Who Am I?

Sometimes I cry.

I’m very vulnerable, you know. My life has no real sorrows, but all things are relative, pain as much as anything else. My life is blessed, protected, easy, safe. I have little enough to weep over.

But sometimes I cry.

Sometimes it’s for other people. Often, actually. Real people, fictional people, people I’ve never met and never will. My mother says it’s a gift, and I should be grateful and preserve it. She’s right – empathy is a gift that I did not earn alone, and I may have to fight to keep it burning. I don’t know. I hope I succeed.

Sometimes I cry for myself. Not because I suffer so very much, but because I don’t know who I am. I don’t know if I’m going in the right direction, or if I’m even moving at all. I don’t know, and it kills me.

Marianne Williamson once wrote, “Our deepest fear is not that we are inadequate. Our deepest fear is that we are powerful beyond measure. It is our light, not our darkness that most frightens us. We ask ourselves, Who am I to be brilliant, gorgeous, talented, fabulous? Actually, who are you not to be?” I don’t know who Marianne Williamson is, but I can’t stop thinking about her words. Thing is, I think I might have it in me to be great. I’m not just saying this because I’m vain, selfish and self-centered. I think I might actually have the intelligence, the compassion and maybe – just maybe – the skill to do something truly meaningful with my life. And I haven’t the slightest notion of what.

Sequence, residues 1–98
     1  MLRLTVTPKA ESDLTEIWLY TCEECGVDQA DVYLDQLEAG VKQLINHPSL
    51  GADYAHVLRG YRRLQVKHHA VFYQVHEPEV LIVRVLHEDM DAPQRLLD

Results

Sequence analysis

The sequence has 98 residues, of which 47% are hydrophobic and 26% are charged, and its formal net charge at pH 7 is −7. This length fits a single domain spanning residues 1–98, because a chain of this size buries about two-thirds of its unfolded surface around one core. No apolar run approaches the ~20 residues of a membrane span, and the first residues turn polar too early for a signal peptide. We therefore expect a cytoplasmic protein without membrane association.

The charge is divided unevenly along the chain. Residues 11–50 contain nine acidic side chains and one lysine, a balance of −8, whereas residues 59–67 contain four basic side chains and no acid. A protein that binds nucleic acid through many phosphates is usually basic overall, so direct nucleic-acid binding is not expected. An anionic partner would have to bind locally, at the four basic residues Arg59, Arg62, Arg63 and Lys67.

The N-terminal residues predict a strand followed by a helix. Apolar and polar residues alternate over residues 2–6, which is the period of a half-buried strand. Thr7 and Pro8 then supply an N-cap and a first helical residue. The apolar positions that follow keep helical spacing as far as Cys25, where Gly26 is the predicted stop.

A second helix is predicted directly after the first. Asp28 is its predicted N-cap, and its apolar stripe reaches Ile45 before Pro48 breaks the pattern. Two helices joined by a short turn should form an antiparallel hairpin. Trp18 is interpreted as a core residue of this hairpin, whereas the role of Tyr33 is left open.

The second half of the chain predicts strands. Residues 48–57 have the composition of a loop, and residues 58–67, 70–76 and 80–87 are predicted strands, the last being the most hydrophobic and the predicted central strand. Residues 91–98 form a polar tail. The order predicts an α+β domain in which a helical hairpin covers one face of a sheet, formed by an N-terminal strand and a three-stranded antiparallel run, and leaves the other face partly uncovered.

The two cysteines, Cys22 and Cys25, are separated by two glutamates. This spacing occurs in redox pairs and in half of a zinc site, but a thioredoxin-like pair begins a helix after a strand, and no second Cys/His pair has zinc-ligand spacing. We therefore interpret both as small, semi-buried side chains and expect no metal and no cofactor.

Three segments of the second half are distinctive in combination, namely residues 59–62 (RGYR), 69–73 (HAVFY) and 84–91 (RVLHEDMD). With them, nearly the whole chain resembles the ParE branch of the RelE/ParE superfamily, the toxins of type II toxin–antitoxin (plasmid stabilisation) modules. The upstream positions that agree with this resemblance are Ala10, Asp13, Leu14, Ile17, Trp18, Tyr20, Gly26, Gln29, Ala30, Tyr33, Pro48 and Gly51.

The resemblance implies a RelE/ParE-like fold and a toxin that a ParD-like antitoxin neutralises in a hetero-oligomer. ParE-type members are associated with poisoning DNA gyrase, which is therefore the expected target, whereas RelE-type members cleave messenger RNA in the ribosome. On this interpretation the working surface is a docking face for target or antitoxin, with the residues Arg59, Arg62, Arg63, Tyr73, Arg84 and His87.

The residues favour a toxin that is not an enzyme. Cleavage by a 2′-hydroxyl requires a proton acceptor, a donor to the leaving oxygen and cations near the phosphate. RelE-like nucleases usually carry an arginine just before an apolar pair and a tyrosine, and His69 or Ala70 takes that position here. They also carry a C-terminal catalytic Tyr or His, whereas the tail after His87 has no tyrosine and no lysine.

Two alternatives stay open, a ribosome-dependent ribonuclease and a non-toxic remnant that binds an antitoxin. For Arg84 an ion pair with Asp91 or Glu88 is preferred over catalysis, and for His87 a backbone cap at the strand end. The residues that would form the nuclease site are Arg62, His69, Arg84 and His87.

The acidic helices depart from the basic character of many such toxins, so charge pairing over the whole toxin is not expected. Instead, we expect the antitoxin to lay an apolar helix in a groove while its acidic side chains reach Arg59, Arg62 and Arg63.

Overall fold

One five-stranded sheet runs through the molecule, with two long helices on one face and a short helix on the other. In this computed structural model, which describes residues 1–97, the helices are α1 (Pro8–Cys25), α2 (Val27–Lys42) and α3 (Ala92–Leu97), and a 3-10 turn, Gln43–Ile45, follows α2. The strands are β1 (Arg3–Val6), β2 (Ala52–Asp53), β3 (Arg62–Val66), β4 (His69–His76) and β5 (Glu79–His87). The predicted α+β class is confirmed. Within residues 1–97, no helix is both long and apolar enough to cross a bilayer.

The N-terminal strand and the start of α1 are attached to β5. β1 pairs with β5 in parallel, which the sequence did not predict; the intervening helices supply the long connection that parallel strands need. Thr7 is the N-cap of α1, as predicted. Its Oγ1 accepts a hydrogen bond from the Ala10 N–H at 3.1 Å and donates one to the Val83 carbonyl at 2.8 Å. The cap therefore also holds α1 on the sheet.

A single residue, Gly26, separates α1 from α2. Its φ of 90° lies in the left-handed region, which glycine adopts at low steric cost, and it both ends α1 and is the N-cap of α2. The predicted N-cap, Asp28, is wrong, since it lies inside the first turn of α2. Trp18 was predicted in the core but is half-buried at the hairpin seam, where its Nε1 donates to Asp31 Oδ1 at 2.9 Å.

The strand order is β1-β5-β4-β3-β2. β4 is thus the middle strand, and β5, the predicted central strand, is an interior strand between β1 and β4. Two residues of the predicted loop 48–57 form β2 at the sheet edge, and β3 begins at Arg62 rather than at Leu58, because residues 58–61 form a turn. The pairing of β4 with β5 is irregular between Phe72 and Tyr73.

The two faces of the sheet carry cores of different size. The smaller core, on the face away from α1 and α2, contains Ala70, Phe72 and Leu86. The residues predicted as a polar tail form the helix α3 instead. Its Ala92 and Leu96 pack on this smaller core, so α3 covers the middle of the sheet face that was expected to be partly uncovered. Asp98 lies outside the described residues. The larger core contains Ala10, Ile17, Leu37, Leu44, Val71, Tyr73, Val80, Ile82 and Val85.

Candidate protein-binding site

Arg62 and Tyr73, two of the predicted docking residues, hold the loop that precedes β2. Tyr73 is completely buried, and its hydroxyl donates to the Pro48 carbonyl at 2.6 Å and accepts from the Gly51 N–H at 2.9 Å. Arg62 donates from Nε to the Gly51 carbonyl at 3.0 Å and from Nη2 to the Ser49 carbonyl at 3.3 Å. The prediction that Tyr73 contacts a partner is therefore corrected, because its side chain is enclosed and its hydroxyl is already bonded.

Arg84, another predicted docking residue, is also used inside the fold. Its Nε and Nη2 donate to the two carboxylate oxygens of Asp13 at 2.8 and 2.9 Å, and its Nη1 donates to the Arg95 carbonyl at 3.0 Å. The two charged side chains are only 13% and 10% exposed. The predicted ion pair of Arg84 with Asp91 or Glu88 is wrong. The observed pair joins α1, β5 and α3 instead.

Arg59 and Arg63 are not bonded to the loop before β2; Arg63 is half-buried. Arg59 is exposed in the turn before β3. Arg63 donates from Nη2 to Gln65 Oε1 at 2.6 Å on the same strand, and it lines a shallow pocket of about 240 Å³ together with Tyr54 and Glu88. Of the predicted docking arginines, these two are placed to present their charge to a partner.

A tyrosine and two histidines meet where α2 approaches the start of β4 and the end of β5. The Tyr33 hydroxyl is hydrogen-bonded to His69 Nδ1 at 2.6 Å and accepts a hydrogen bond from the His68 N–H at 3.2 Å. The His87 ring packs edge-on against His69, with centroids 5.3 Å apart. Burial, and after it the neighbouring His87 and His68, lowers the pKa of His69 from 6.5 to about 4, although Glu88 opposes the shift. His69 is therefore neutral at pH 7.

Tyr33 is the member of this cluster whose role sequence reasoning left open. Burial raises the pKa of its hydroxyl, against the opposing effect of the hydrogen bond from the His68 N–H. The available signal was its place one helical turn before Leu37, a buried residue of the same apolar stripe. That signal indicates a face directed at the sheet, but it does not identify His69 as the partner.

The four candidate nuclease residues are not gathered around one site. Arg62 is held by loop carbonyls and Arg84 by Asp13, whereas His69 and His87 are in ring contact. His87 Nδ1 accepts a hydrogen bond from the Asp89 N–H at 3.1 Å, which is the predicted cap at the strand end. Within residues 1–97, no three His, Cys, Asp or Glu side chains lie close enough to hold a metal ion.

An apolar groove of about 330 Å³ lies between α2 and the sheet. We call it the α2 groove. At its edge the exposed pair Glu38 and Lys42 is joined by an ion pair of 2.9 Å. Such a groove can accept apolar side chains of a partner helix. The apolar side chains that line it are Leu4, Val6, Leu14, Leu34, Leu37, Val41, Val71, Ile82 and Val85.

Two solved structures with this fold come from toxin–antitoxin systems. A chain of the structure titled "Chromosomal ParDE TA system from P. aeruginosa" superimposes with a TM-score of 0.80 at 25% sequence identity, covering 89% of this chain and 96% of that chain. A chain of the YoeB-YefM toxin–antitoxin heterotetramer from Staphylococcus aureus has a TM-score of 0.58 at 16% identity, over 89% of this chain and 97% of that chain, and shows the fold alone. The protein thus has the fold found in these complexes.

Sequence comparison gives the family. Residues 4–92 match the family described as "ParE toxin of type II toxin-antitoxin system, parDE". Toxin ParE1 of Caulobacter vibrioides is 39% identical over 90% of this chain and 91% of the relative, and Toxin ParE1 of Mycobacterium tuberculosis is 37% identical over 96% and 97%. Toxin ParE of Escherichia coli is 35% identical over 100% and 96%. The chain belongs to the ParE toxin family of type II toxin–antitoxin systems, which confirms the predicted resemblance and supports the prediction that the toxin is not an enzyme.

Sometimes I cry. It’s usually at night, when I think more philosophically and feel more acutely despite not being fully awake, or more likely because of it. Sometimes the emotions of the darkness overwhelm me even in the day. Sometimes I feel silly. Who am I to cry? My life is easy. My life is good. I have love and safety and respect. What more can I ask of the world?

Nothing. That’s the answer. And I try not to ask for more. But like I said, I’m selfish, and it’s hard.

Harder still is paying my debt. I have a strong sense of duty, honed by my parents’ efforts and by reading too many books of kings and queens and the price of power. Or, as my mother puts it, the price of privilege.

Who am I to think so highly of myself? Who am I to be great? What can I possibly offer the world when I cannot even bring myself to wash the dishes when the kitchen is filthy? When I don’t always remember my promises and sometimes lie to my friends?

Who am I not to be? If I have what it takes, I owe it to the world to try. Even if I don’t, I owe it to the world to try. I have to be the best I can be, whatever that is, and I have no idea how to get started. I have no idea what I can be. I have no idea who I am.

Sometimes I cry.


2 comments on “Who Am I?

  1. I appreciate your honesty. I used to worry all the time about what I was going to do with my life and with myself. It sounds like you are at that hard age of young adulthood…I myself am waiting to finish this stage, but I am getting toward the end. I don’t know if it helps, but I’ve realized, the older I get, that I used to worry about a lot of stuff that doesn’t really matter. As you age, the important stuff becomes more clear; the fluff falls away (and if you are religious, God is always ready to listen–and He does answer, too, just not always the way we’d like or expect!) I wish you all the best!

    • Aethersea says:

      Thanks, it does help. It’s amazing how important it is to hear the things you already know. Even though I’ve heard what you’ve said before – I’ve even experienced it myself – it means a lot to hear it again. So thank you.

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